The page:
Catholic Charities to welcome Pope to America

A seemingly unending procession of Roman Catholics are already queueing up to meet Pope Franciswhen he visits the United States for the first time.

The long line of potential spectators includes celebrities, and average citizens willing to wait extended hours in order to get a glimpse of the papal apostle from Rome during the six days he is slated to address faithful believers and even some non-believers in Washington, Philadelphia, and New York City.

“We are thrilled that the Holy Father is visiting the United States,” Monsignor Kevin Sullivan, executive director of Catholic Charities for the Archdiocese of New York said.

Hosted here by Catholic Charities, the Pope will be the guest of an agency that aims to provide a vast array of human services, including protecting and nurturing children and youth, feeding the hungry, and sheltering the homeless, strengthening families and resolving crises, supporting the emotionally and physically challenged, and welcoming and integrating immigrants and refugees.

“Our country and New York City in particular, has long been a beacon to those tired and oppressed who seek a better life,” Monsignor Sullivan explained. “The Pope’s visit with recipients of Catholic Charities’ work; reflects the importance of charity and also recognizes the generosity that is a tradition of the United States.”

The Holy See is slated to arrive here on Sept. 25 and a cross section of people who have benefitted from the services provided by Catholic Charities will be accommodated and blessed with admission to Madison Square Garden when he conducts a mass at mid-town.

Already confirmed to attend the mass gathering are a group of immigrant carpenters who have been chosen to build the altar where the papal leader will speak. Also among the chosen are Honduran women who are now busy embroidering cloths that will be used to drape the altar.

The Hondurans represent the indigenous, immigrant Garifunos who reside in the Bronx.

Another group identified to be “Dreamers” — immigrants brought here as children by their parents in search of opportunities for a college education — will also receive special blessings.

A number of undocumented children and their parents or guardians are also assured a place among the 24,000 expected to attend the ticketed religious service.

And Dominican immigrant families in Washington Heights and the Bronx are also slated to participate in the special ceremony.

Those Spanish-speaking children are registered in the after-school and summer programs that are part of Catholic Charities’ Alianza Division.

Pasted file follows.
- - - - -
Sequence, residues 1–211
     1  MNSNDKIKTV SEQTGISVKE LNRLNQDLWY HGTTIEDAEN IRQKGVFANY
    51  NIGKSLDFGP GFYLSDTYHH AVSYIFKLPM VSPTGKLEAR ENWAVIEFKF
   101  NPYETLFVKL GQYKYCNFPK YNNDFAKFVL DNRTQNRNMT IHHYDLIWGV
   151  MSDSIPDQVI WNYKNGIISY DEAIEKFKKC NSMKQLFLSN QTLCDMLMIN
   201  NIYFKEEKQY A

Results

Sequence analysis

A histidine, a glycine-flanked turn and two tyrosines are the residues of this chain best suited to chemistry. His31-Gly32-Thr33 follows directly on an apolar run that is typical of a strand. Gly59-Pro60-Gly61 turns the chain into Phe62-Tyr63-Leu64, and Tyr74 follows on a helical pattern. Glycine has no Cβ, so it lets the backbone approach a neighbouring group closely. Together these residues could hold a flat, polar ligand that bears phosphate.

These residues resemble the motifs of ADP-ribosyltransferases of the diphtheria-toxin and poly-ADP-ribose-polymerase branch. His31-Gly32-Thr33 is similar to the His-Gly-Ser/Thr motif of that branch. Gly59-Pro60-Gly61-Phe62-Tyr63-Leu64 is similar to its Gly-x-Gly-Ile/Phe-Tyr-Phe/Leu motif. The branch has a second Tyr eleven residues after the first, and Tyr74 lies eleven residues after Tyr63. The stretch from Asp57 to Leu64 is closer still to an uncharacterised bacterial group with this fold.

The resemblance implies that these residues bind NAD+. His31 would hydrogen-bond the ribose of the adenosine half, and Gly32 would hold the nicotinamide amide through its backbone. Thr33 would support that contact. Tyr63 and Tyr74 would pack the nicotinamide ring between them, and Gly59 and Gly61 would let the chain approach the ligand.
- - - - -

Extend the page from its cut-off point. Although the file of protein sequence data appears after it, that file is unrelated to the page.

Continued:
Representing individuals that work with Catholic Charities, as well as those selected to meet with and be blessed by the Pope; day laborers from Yonkers, Port Chester and Westchester – some represent a sewing group who will make linens and others who are building chairs for the mass at MSG, immigrant mothers from Yonkers and East Harlem, a Bronx soccer team of undocumented teenagers, an East Harlem mothers group, unaccompanied youth fleeing persecution in Central America, and, refugees from the Middle East and Africa.

Anticipation is high for at least a viewing of the world’s most known religious disciple during the brief time he will spend in NYC.

Although the sum total hours amount to 36, a multitude remains optimistic that they will be able to see him when he stops by the museum at Ground Zero to view remnants from the September 11 terrorist attack; visit an East Harlem school, and address the General Assembly at the United Nations.

The flock will also be able to see the Argentina-born, South American when he visits St. Patrick’s Cathedral.

To the large venues a lottery of tickets distributed by parishes will enable 3,500 to the Fifth Avenue church and 24,000 when he goes to MSG.

“Pope Francis’ message of charity has resonated with people throughout the world,” he said.

On his very first visit to the United States, he is expected to make the White House his first stop before making history as the first papal leader to face a joint meeting of the House of Representatives. In Washington D.C. he will reportedly address members of the senate and congress.

In honor of the Pontiff’s visit to the United States from Sept. 22 to 27, Catholic Charities of New York launched a new digital site where people throughout the country, regardless of religious beliefs, can share a greeting with the Pope along with a message of charity.

Among the first to share welcome messages are: talk show host, Stephen Colbert, filmmaker Ken Burns, former Secretary of State Hillary Clinton, New York Giants head coach Tom Coughlin, the New York Yankees, Sen. Kirsten Gillibrand, actress Whoopi Goldberg, Nancy Pelosi, television talk show hosts Carson Daly and Rosanna Scotto, and former news anchor Tom Brokaw, Police Commissioner William Bratton, former Mayor David Dinkins, and Rabbi Peter J. Rubinstein.

Members of the public can upload their video — or a simple text message or photograph — by visiting the site and following the online instructions.

A collection of these messages will be shared with the Pope when he visits next month.

In addition to asking people to share a brief welcome, Monsignor Sullivan is encouraging those participating to include a Biblical verse in their message.

He quoted words of charity from the 25th chapter of the Gospel of Matthew, verse 31 “For I was hungry and you gave me food, I was thirsty and you gave me drink, I was a stranger and you welcomed me.”

Pope Francis is the fourth pontiff to visit the USA.

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